For warm-weather outings, it should not be too hard to keep your backpack under 20 pounds with the Sidewinder 20 as your sleeping system—even for a multiday trip. If you are headed on a mid-season trip and need more layers, then yes you will feel the weight but that’s just the way it is.
In terms of packing the Sidewinder 20 down, it is NOT ideal coming in at 8″ x 17.5″ (7.5″ x 8″ compressed) The sleeping bag does not pack and roll up as nice and compact as regular 20 F sleeping bags do. Again, that’s the nature of its design and a burden you side sleeping weirdos will sadly have to bear.
Still, if you have a 70-liter backpack, the Sidewinder will only take up less than 1/7th of the total available packing space so it isn’t THAT big of a deal.
If the size and weight is bothering you, then you could always consider sleeping on your back like a good little vampire and going with the Big Agnes Torchlight 20 instead.
Big Agnes Sidewinder 20 – Sizing and Fit
This is where the Sidewinder 20 get’s interesting. If you are looking at purchasing this sleeping bag then you are probably a side-sleeper and it is the Sidewinders 20 unique wide-cut spoon shape that serves as its chief selling point.
The lovely spoon/hourglass shape gives much more freedom of movement than traditional mummy or coffin style sleeping bags. You can curl up a bit and pop your knees out much like you would back in your own bed.
For side sleepers, the generous cut provides more room for your arms and knees. Whilst you won’t ever be able to sprawl out like a fat kitty on a summer day, you will find the roominess appreciated.
As for sizes, well the Sidewinder 20 comes in two options:
Length: Long – Left Zip: 78 inches • Regular – Left Zip: 72 inches
Shoulder Girth: Long – Left Zip: 66 inches • Regular – Left Zip: 64 inches
Hip Girth: Long – Left Zip: 62 inches • Regular – Left Zip: 60 inches
If you are of average height and build (under six feet with medium broad shoulders, the regular fit will be fine. For taller/wider folks, you’ll want to go with the Long size. I am 5’10 and 165 lbs with a slim frame and I feel like I am swimming inside the Disco 15 (because I am so used to restrictive mummy bags.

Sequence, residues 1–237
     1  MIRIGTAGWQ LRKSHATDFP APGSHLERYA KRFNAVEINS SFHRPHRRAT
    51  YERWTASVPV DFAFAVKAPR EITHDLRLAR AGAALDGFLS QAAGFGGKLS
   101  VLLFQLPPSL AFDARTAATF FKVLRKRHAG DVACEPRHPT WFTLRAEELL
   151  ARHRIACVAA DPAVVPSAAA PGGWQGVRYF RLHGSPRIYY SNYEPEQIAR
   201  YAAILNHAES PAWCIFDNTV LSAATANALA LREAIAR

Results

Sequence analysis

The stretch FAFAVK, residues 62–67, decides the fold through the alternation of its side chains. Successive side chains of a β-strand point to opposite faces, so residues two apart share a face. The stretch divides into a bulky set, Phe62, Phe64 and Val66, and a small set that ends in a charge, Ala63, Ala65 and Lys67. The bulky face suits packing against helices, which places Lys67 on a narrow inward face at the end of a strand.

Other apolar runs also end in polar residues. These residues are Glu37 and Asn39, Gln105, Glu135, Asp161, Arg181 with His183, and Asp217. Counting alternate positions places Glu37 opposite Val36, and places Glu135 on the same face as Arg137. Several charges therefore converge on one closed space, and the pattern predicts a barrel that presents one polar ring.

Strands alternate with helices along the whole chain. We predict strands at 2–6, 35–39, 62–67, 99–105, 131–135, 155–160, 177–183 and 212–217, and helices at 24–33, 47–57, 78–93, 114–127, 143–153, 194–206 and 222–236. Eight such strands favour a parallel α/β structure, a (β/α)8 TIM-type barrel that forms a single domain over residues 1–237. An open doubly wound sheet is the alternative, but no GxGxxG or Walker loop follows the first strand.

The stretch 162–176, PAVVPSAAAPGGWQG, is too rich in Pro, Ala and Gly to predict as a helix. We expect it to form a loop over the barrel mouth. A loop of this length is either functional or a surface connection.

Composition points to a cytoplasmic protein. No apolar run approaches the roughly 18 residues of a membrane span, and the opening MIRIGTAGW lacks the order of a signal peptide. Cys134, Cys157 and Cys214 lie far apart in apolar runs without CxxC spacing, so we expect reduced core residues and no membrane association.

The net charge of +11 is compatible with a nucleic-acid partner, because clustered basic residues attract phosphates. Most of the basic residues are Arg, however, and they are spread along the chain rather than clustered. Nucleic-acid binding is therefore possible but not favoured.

If you are under six feet tall, I definitely recommend NOT buying a long size – more really is less here and the extra space will become a problem. Why is this? Well because whilst having more space to stretch out may seem like a good idea,. more space requires more body heat to warm it up. If you have 6+ inches of the unoccupied sleeping bag space at your feet, it will be cold down there and remember, if your feet are cold then you are cold.
Big Agnes Sidewinder 20 – Insulation Material and Moisture Resistance
The Sidenwider 20 is filled with 650-fill-power DownTek™ insulation. This offers lofty warmth throughout with a PFC-free water repellent finish to keep you dry, even if when wet
Note that Down insulation will never be waterproof. However, Big Agnes has gone to great lengths to ensure that the Sidewinder is highly water-resistant. Just remember that when you get two or more people sleeping inside a tent, a certain degree of condensation is bound to build up to a degree and damp sleeping bags are just a reality some mornings.
Is the Sidewinder 20 good for Long Distance Hiking?
No sleeping bag review would be complete without bringing up the subject of thru-hiking. Is the Sidewinder 20 suitable for bringing on multi day (or longer) hiking and camping trips?
The answer is not so straightforward but let’s break it down.
Firstly, unless you are sticking to the lowlands in summer hikers almost always encounter one of two below-freezing nights when out on the trail. Remember that those mountain passes get cold at night all year round! The good news is that the Sidewinder 20 does handle non-extreme cold weather pretty well. So it passes this part of the thru-hike test unless you have something bad ass and hard core planned such as the Rockies in mid-winter or the length of Siberia.